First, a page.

The Italian Wars, 1494-1559: War, State and Society in Early Modern Europe - Book Review
By Anne Maltempi
The Italian Wars, 1494-1559: War, State and Society in Early Modern Europe written by historians Michael Mallet and Christine Shaw provides a predominantly chronologically structured military and political history of the Italian Wars. Concerned with demonstrating the importance of the Italian Wars, Mallet and Shaw negated the arguments of contemporaries Guicciardini and Machiavelli’s accounts which blame Italian political and diplomatic failures for the French invasion in 1494; instead, Mallet and Shaw point to a series of complex political, social, and technological events complicating the narrative put forth by the early modern Italian humanists.
Mallet and Shaw’s central arguments were that the Italian Wars reshaped Italy as well as the rest of Europe militarily, culturally, and politically; additionally, a key point they emphasized was the contestation of Spanish power in Italy arguing against the historiographical body of literature which propagated narratives of the tyrannical Spanish power dominating Italy under the “pax hispanica.” Furthermore, Mallet and Shaw suggested the contingency of Spanish power through the whole of Europe in demonstrating how well Spanish forces contended with the others involved in the Italian Wars particularly those of the French.
The book is divided into ten chapters, with a source base consisting of several national archives—those of Venice, Lucca, Florence, and Simancas—as well as the variety of secondary academic sources, and primary documents from the period. The first five chapters provided the bulk of the context for the subsequent sections including key players in the Wars such as the Charles V, Julius II, Louis XII, King Ferdinand of Naples, along with military commanders, noble families, among many others.
The scholars also went into detail in this section about the claims both France and Spain had on the Kingdom of Naples, and the complicated relationships formed between each key player with the Duchy of Milan, Venice, and the Papacy. Additionally, the book goes into great detail describing the critical battles of the Italian Wars such as the Battles of Ravenna and the Battle of Pavia. The book also contains several incredibly useful maps which help illustrate some of the battles for readers, as well as provide general geographic information for readers. However, thematic chapters six and seven provided a welcomed break from the narrative barrage of names, principalities, and dates which overwhelmingly occupied the first five chapters.
Chapters six and seven focused specifically the technological advances of warfare, for which, Mallet and Shaw explained the Italian Wars served as a testing ground. Here the Mallet and Shaw discussed the innovations such as advances in gunpowder weaponry, the building of fortresses styled in the trace italienne, and the importance of infantry. Not to mention the growing size of military infantry that was occurring in this period. Eventually, only larger city-states would be able to maintain such forces. This growth in army size contributed to the establishment of the professionalized military, which would have broader implications for the coming years.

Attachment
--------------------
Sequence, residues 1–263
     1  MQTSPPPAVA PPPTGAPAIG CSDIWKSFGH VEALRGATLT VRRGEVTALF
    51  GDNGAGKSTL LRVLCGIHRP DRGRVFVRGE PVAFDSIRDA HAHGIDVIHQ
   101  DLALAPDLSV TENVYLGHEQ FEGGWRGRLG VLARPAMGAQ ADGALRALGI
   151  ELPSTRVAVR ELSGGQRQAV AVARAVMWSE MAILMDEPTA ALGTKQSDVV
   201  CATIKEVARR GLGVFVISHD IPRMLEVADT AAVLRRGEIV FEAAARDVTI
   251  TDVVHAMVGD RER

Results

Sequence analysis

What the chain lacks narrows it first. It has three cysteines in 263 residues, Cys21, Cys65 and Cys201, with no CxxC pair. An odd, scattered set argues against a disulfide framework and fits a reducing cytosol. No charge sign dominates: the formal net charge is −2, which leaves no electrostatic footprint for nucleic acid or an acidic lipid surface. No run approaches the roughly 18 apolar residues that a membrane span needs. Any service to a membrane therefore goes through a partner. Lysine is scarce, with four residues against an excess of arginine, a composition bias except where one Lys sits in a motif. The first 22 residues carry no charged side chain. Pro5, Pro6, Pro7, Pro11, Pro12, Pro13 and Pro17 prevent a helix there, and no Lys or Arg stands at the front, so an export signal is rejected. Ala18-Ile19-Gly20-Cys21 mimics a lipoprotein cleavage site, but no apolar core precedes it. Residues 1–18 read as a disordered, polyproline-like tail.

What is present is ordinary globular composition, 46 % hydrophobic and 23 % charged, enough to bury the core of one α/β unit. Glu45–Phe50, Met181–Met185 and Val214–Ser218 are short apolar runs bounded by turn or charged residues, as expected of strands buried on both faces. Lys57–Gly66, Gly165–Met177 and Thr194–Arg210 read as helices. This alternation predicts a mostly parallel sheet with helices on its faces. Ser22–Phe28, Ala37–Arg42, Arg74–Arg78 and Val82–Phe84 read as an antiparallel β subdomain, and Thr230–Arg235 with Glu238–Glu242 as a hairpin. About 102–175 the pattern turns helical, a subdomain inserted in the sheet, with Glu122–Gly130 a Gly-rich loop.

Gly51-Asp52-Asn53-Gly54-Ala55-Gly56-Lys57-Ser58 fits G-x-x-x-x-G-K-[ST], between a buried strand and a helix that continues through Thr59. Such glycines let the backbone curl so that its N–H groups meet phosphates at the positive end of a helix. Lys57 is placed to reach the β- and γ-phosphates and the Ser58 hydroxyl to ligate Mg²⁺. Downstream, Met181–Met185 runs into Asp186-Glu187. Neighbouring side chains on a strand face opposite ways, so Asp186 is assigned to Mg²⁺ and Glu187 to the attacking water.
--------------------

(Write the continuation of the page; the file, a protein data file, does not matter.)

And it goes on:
The last few chapters of the book are predominantly a political-historical narrative which centers on the end of the wars with the Treaty of Cateau-Cambrésis in 1559, and the legacies. For example, Mallet and Shaw argued throughout these final chapters that— aside from the fact that the “victory” of Spain was an unforeseen event—that the Italian Wars were not expected to come to a definitive close with the Treaty of Cateau-Cambrésis, since there was a general lack of resolution to the Wars with the Treaty of Cambrai in 1529. According to Mallet and Shaw’s account, it was the French had to turn their attention inward at the outbreak of religious civil wars within their nation which caused the Italian Wars to come to a close. Chapter ten, in particular, focuses specifically on the legacies of the Italian Wars.
According to Mallet and Shaw, some of these included the ability to test and create new military technologies which established the foundations for a professionalized army, the expansion of Italian Renaissance and humanist culture to the whole of Europe, and the original implementation of Spanish power in Italian territories. The application of Spanish power in Italy was a complicated process in itself. As Mallet and Shaw explained, some territories transitioned more easily than others. Nevertheless, the transition was tenuous at best. Mallet and Shaw stated “Italians need not have perceived the power of the Spanish empire as overwhelming and inescapable.
The Italian Wars, 1494-1559: War, State, and Society in Early Modern Europe provided an excellent and complete narrative of the Italian Wars and the effects they had on Italy and the whole of Europe. While the structure of the book was unpleasant, with the block of context at its inception, the synthesis provided is clear and accessible given the overwhelming amount of information provided. Perhaps the structure could have been altered to create a less monotonous start. However, for anyone who is new to the history of the Italian Wars, and how they revolutionized early modern Europe, this is the book to read.